Published on June 6th, 2023 | by Howard Smith
SPIDER-MAN 2099: DARK GENESIS #5 REVIEW
Summary: Takes a whole team of superpowered individuals to confront Carnage.
Spider-Man 2099 and Venom vs. Grisly Carnage
Spider-Man 2099 and his ragtag crew remain on Carnage’s tail after he narrowly escapes Ghost Rider’s attempt to reduce him to nothing. While the others finish up their bouts with other situations, Miguel shadows the hive and discovers that they are trying to take this hazard globally in Spider-Man 2099: Dark Genesis #5. Not willing to let that happen, Miguel decides that the act of hiding and bidding out one’s time is no longer an action they can afford. Meanwhile, Daredevil steps in to help Moon Knight against The Punisher and Spider-Woman handles members of the hive alone. As the plight of battle heightens, Venom and Miguel team up to take down a horrid new version of Carnage.
As this story ends, Steve Orlando (Astonishing Iceman, Crude, The Unexpected) leaves on a cliffhanger that more of Miguel and the universe of 2099 will return. However, from the looks of this final issue of Spider-Man 2099: Dark Genesis #5 it’s best to say that Orlando has more to explore with this mutant webslinger. Of course, Orlando’s story panned out more than was expected. For example, Carnage brought so much uncertainty to this comic book. It is since he turned into a behemoth of a blood-fueled monster that it takes a whole team of superpowered individuals to confront him, which says a lot about how dangerous he is. Supposedly, even in the future, there are monsters out there somewhere waiting to be unleashed upon the world. Clearly, Orlando designed this story to work so well that there is still more to unravel and more to see. The number of characters occupying a single comic book is astounding and Orlando wrote a story worth reading.
Moreover, Justin Mason (Death of the Venomverse) had of lot moving parts that were greatly executed in art style and consistency. He really brought this comic book home with the volume of illustrative command. As the last issue in this series, Mason’s style never ceased to be a bother when reading from page to page. His art always felt smooth and painless to the eyes. The effort he put into creating this work of art is not so easy and his passion for working on this Spider-Man was shown through his tenacity. Thankfully, Mason may have done one of his best works here. In terms of artwork, Nick Bradshaw (Reanimator, Soulfire, Thanos) and Neeraj Menon (Midnight Suns, Punchline, Wolverine) made a keen cover for Spider-Man 2099: Dark Genesis #5. The characters conglomerate all in the center. The swirl of blood that is Carnage delivers a reflection residing within the comic book. Probably not literally, but the aura of this cover resonates with the characters.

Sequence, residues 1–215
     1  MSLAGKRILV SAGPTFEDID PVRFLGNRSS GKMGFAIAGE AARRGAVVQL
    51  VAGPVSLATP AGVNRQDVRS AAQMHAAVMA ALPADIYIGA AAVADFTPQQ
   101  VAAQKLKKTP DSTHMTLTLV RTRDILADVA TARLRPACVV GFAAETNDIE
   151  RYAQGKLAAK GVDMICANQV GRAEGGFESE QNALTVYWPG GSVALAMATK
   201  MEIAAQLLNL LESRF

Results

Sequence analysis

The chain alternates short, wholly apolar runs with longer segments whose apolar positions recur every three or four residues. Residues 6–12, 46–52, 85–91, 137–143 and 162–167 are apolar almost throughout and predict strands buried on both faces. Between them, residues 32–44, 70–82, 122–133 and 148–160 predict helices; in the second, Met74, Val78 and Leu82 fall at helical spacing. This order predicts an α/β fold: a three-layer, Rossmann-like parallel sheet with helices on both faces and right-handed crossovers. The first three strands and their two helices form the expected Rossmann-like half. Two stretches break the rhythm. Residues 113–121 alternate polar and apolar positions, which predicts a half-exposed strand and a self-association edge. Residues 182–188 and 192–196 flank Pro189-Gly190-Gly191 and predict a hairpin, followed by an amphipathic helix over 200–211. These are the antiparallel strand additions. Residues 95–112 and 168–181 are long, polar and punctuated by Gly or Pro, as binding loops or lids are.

Arriving belated to the story of Spider-Man 2099, Antonio Fabela (Guardians 3000, Lucifer, Scarlet Spider) impacts the story with his overall rich coloring pallet. Similarly, Cory Petit (Ant-Man, Contagion, Dead Man Logan) demonstrates his lettering capabilities that give the comic book a mesmerizing flare. Understanding the position of dialogue bubbles, narrative captions, and specific sound placements is right in Petit’s wheelhouse for this last issue. A job well done by both contributors.
Spider-Man 2099: Dark Genesis #5 ends on an encouraging mark. The bad guy gets defeated, and some questions are left to uncover, but still a good ending. Seemingly, the story of Spider-Man 2099 might be heading in another direction in the next series. For those fans that like to read Spider-Man 2099, you might want to grab this comic book for the next chapter in Miguel’s life. Be sure to check out your local comic book store or online where comics are sold.
Writer: Steve Orlando
Artist: Justin Mason
Colorist: Antonio Fabela
Letterer: VC’s Cory Petit
Cover Artists: Nick Bradshaw, Neeraj Menon
Editor: Mark Paniccia
Publisher: Marvel Entertainment